Quote: “These surrogate biomarkers of gluten ingestion indicate that many individuals following a GFD regularly consume sufficient gluten to trigger symptoms and perpetuate intestinal histologic damage.” The is the conclusion of a study published last year in The American Journal of Clinical Nutrition in a paper titled “Determination of gluten consumption in celiac disease patients on a gluten-free diet”.
Though the report studies the amount of gluten that was in the systems of the patients, (via a meta-analysis of 2 clinical programs), the conclusion
shows that nevertheless, inadvertent consumption of gluten (clearly accidental) occurs and negatively impacts especially those who need to avoid contamination the most (coeliac disease-afflicted persons).
So how does one get glutened ‘accidentally’?
Whether you yourself need a gluten free diet; or you are preparing gluten free food for a person or loved one who needs it; or you are a cook or restaurant owner that offers gluten free foods, then read on.
The following article below shares our knowledge and experience on gluten cross contamination and tips on how to avoid it!
Why is Avoiding Gluten Cross Contamination Important?
The answer should be self-explanatory; however, how do you even get gluten in the food when all the ingredients used are certified gluten free?
The answer lies in cross contamination risk – this is the risk that gluten was somehow introduced to the food accidentally, either during the preparation, cooking or serving phase.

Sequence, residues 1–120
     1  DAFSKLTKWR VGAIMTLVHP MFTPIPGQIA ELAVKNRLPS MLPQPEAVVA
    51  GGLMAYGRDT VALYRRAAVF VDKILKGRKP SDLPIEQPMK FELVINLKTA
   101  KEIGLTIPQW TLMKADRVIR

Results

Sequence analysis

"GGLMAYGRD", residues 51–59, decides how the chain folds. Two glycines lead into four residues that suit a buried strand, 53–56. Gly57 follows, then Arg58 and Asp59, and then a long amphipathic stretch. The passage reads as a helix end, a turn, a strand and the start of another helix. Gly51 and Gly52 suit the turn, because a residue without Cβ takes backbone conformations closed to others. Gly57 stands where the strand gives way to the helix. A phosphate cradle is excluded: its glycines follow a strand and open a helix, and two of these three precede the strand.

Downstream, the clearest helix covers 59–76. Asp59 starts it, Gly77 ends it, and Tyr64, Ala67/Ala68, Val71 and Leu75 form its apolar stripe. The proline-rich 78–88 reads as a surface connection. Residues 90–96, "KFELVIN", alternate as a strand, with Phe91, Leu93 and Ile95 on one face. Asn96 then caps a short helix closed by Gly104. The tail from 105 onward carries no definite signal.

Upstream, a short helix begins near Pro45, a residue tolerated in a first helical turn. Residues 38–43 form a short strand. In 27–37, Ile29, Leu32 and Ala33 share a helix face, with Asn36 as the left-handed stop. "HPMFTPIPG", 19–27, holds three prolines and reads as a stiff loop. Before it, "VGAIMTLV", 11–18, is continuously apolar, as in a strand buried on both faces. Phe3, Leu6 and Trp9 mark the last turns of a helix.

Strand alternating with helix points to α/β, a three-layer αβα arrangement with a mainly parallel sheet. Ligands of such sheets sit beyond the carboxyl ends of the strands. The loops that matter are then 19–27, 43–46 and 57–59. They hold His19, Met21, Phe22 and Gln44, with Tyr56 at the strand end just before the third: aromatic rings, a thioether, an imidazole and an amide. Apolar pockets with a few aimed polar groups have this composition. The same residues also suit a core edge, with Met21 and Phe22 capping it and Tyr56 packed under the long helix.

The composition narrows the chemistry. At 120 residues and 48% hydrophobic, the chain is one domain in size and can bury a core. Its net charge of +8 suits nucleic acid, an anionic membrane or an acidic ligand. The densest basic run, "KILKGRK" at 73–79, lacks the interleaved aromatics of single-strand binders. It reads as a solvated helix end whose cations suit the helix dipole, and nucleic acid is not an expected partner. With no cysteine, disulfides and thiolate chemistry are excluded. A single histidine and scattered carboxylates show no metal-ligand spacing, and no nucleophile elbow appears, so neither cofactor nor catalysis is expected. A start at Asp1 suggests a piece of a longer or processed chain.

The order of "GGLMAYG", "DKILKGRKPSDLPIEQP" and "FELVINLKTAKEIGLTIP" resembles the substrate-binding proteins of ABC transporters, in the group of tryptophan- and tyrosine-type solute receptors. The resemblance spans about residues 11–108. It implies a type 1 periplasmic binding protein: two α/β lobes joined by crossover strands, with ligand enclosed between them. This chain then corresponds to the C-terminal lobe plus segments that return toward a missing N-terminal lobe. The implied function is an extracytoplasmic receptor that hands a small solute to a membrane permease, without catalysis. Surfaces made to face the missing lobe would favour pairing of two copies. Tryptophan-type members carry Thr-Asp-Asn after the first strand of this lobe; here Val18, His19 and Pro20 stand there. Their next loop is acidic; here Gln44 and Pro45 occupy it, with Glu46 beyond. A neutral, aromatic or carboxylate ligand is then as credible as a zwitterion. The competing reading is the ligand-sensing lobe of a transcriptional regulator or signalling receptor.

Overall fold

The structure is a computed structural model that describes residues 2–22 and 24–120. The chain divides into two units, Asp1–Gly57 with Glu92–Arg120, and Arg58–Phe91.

Let’s take a look at some of the risks and some simple yet practical suggestions to avoid cross contamination.
Once you are used to preparing gluten free meals and have developed a process, the preparation phase is a non-issue. However, for those early in their gluten free journey, some common mistakes include concurrently preparing 2 meals (say for a busy family at home) whereby you use a knife, your hands etc when preparing normal foods and without knowing, you touch, ever so slightly, the gluten free version.
Let us offer you the following realistic scenario for the home but you can imagine and transpose the scenario to restaurants too. You have to prepare peanut butter sandwiches for the morning run. You have 2 children, one with celiac and the other not. Gluten cross contamination can creep in the following ways:
- You start with the normal sandwich but forgot to properly wash your hands when making the gluten free version.
- You used the same knife to spread peanut butter of both the GF and normal sandwich bread.
- You used separate knives to spread but used the same peanut butter jar – that is, the knife used for normal bread was dipped into the peanut butter jar a couple of times – thereby introducing enough trace gluten levels into that peanut butter jar.
Tip 1: Prepare the GF food first and move on to the normal version. Failing that, ensure that they are being prepared in separate areas.
Tip 2: If you can, get separate peanut butter – we use separate butter dishes ourselves but are careful when taking e.g. peanut butter out of a jar – it’s just an education process.
Tip 3: Before any food preparation, ensure that all surfaces are properly cleaned as any trace amounts of gluten/bread crumbs lying around could contaminate any new foods being prepared.
You have all ingredients that are certified gluten free. However, during the heat (hmm!) of cooking, you may have reached to add some special condiment (without checking the ingredients) or used a wooden spoon that was recently used for normal food (e.g. stirring normal pasta water). Furthermore, wooden spoons are tricky and carry additional risk unless you really wash them well as gluten is notoriously sticky.